Morad Montazami, Hiba Schahbaz or the profane pleasure of sacred myths
Hiba Schahbaz’s artistic education, which was certainly anchored in a certain technical and ideological tradition in the art and miniature schools of Lahore, cannot and should not be resolved in a single environment but rather through contact with the history of Western painting, which she cultivated at a very early age through reproductions in books. The fact remains that the young Pakistanis of her generation who studied in the 1990s and 2000s in Lahore or Karachi schools were always subject to an academic framework, not to mention a rigorous orthodoxy. This framework assigned the role of voicing political and social problems, often from a nationalist perspective, to painting, rather than that of exploring the stirrings of the female body in all its sensuality. It is understandable that Hiba Schahbaz's unbridled fidelity to the female nude, from her childhood to the present day, has not come without its challenges.
Naturally, if miniature art, especially Indian miniature, contains its own jewels of erotic and sexual imagery, physiognomic contortions, and a whole repertoire of positions, this visual heritage made up of forbidden images, which has generally passed into popular culture, still remains taboo and unwelcome in Indian and Pakistani schools of painting and miniature art (not to mention the Iranian context, where the representation of the feminine body is totally forbidden). In this respect, one should not underestimate the tendencies toward puritanism and sexual taboos in liberal democracies such as the United States or France, where Hiba Schahbaz's scenes, without claiming anything other than a pictorial blossoming linked to the female nude genre, retain a subversive potential. In fact, the eroticism in Hiba Schahbaz's works, which do not particularly claim to be in this very Western category, having practiced the female nude since her childhood both in and out of school, owes as much to Indian miniature as to the suggestive poses of Gustave Courbet's female figures, whom Schahbaz studied with care.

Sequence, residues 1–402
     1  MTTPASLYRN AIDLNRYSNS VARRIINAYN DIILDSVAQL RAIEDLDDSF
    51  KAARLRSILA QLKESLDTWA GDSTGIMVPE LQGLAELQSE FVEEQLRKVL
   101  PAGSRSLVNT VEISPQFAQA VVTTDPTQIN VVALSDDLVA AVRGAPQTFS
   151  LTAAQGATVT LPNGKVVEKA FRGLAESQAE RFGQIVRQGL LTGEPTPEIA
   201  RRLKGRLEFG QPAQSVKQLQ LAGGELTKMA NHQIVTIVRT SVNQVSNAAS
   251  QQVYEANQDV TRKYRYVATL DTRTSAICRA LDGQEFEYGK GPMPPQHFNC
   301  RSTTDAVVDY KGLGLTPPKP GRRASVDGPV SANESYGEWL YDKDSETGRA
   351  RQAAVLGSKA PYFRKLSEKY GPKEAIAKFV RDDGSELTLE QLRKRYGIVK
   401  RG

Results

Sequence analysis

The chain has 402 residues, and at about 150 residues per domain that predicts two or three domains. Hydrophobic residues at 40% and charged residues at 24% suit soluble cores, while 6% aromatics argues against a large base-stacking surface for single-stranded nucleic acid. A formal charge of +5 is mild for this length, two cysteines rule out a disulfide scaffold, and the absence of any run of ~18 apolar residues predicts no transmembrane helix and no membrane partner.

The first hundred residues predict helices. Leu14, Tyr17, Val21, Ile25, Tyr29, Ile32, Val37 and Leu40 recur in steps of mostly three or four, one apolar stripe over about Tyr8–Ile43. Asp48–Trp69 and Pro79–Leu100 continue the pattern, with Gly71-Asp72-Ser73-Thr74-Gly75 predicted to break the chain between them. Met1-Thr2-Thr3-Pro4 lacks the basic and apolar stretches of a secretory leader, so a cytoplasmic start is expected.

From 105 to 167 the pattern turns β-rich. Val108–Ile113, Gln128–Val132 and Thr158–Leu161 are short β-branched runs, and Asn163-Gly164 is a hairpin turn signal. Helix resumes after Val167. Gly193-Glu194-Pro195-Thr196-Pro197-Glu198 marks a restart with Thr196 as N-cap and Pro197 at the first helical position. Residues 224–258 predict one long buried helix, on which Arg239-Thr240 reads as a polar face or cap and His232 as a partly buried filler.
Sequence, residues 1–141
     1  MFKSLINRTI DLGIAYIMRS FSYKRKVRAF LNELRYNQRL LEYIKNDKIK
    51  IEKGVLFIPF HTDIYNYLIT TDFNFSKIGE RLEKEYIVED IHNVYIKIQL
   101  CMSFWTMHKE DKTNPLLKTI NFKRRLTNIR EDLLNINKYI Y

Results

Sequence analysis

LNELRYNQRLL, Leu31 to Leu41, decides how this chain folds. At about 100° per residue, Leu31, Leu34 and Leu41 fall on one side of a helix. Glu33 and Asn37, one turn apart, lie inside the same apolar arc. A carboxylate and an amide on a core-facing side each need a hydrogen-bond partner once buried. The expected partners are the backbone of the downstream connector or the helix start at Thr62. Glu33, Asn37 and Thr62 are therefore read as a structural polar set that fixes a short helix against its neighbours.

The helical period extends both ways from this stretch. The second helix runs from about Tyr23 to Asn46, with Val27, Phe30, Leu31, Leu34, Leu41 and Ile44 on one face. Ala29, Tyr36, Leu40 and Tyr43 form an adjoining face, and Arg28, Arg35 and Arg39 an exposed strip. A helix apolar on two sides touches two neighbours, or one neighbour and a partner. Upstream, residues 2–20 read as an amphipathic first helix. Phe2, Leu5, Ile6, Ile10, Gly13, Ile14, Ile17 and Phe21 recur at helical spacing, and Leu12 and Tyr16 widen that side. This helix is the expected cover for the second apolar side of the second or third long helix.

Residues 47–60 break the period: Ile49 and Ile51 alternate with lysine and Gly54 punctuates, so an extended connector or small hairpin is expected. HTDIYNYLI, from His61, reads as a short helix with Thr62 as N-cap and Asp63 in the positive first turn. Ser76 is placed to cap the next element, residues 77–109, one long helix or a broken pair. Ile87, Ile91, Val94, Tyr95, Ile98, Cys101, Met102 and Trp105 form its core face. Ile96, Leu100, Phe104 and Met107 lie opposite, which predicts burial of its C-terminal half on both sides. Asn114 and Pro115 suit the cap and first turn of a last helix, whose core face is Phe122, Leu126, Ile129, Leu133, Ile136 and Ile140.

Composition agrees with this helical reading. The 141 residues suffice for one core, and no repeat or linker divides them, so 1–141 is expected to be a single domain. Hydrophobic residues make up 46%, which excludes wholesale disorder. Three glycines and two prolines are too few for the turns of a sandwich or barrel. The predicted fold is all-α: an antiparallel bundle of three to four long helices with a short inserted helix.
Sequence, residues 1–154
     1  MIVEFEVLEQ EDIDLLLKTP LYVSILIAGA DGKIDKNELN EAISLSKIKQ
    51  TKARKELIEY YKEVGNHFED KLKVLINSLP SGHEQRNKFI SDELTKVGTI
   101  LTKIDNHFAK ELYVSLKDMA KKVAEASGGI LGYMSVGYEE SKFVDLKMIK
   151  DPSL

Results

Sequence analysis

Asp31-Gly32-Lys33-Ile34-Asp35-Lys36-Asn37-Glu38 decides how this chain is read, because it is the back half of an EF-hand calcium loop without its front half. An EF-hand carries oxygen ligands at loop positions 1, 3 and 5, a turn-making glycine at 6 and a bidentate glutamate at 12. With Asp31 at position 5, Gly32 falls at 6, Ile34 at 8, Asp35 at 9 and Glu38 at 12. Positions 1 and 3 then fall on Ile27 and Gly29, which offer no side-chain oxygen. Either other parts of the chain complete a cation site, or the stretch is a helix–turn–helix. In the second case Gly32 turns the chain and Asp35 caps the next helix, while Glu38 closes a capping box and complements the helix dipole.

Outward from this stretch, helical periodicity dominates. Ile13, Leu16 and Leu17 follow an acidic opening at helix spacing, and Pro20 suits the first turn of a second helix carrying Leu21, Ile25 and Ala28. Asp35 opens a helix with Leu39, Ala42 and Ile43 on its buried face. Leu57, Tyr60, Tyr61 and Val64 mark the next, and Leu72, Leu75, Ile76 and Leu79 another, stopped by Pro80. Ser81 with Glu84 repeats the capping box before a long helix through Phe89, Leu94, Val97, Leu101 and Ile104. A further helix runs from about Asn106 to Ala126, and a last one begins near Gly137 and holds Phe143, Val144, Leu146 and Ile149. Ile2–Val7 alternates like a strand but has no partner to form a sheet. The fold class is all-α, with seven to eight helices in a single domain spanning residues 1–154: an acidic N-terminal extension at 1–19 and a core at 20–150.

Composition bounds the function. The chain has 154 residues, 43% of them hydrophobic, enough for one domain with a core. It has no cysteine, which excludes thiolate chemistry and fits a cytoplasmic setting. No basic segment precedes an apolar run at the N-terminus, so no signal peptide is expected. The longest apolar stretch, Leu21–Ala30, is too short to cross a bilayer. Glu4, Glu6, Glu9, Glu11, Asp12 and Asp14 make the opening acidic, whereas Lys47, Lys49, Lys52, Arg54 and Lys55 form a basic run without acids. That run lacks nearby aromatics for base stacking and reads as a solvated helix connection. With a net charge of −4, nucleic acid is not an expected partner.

The traditional miniature is meant to be narrative rather than illusionist, geometric but irregular, hence its attachment to a form of floating (unreal) space in an intended absence of perspective, where the figures appear as if emancipated. A space that provokes impromptu arrangements (such as a drawing made of the superimposition of several drawings on tracing paper) between figures, clouds, and dragons. One of the first consequences, therefore, is that the generally accepted view of the miniature genre has a nondramatic, or even de-dramatizing function (in contrast to the entire Western theatrical tradition based on catharsis, affect, etc.). Thus Hiba Schahbaz has deliberately bypassed the micro-sensitive format of the traditional miniature, nevertheless retaining certain diversion principles and other visual tricks.
Just as characters and animals can be slaughtered or drawn in a pool of blood without any other visible expression on their faces, Hiba Schahbaz's character throws herself into the dragon's mouth without any particular sign of concern or fright; defusing any immediate or easy identification on our part. The other remarkable feature of the miniature genre as a result of its arrangement of non-perspectival or floating spaces, is its capacity to generate double or even triple images in a metamorphic movement that makes traditional miniature art both static and in motion.
The simple confrontation of Hiba Schahbaz's character with the flamboyant dragon is enough to instill a muted suggestion of a hybrid figure, woman-dragon/dragon-woman, between earthly incarnation and mythological fabulation, an infinity of nuance that will find expression between these two poles – and which seem to be played out in the face-to-face encounter in In Your Eyes (2022), as in Love Song (2022) or Magical Creatures (2022). As we delve deeper into their relationship, we understand that Hiba and the Dragon are not only in a metamorphic fusional relationship, but also in a relationship of hospitality, nourishment, and, of course, libido. The subjective and feminine, or perhaps autobiographical, dimension instilled by Schahbaz in her compositions is totally absent from traditional miniatures; it even constitutes a vast unthought or virgin territory where Hiba Schahbaz's art takes place.